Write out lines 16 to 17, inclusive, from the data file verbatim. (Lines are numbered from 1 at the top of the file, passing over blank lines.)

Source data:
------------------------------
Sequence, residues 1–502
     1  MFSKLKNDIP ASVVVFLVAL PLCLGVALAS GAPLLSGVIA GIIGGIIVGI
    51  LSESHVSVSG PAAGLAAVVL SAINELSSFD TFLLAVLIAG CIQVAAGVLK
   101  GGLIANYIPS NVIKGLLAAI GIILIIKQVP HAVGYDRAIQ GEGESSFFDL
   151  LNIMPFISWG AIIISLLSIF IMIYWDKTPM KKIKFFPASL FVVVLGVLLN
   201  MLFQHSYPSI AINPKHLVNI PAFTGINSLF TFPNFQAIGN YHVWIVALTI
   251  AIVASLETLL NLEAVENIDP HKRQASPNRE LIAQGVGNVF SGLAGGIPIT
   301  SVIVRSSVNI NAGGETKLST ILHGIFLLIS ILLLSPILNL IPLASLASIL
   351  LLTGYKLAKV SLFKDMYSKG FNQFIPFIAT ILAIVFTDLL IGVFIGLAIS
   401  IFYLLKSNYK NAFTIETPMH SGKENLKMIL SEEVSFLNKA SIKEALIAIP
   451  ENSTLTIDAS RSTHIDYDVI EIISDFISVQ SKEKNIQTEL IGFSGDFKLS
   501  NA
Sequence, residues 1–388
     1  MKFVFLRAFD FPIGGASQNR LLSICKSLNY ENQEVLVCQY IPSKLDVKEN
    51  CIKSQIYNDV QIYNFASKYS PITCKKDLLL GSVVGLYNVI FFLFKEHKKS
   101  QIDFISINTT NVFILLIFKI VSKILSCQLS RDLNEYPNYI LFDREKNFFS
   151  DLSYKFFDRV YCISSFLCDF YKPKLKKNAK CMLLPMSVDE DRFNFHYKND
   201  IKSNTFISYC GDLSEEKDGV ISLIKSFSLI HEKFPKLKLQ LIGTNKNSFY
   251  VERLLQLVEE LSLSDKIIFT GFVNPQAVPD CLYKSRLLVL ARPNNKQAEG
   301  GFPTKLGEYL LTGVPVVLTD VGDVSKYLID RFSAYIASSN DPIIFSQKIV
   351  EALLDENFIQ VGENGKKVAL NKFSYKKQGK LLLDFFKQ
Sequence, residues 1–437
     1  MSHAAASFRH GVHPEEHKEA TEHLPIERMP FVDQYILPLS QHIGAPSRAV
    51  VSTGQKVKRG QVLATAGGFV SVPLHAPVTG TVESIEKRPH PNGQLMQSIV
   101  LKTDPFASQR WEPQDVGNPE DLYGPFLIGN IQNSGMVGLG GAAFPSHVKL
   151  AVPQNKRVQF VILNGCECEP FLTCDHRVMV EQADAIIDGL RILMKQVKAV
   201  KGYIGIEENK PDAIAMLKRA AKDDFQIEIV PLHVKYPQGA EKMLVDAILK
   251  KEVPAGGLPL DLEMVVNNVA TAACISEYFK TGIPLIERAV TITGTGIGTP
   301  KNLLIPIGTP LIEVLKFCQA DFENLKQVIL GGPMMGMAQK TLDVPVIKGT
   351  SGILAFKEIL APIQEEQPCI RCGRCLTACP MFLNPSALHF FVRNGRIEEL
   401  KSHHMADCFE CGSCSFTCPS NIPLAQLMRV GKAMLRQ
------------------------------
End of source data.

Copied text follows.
   101  QIDFISINTT NVFILLIFKI VSKILSCQLS RDLNEYPNYI LFDREKNFFS
   151  DLSYKFFDRV YCISSFLCDF YKPKLKKNAK CMLLPMSVDE DRFNFHYKND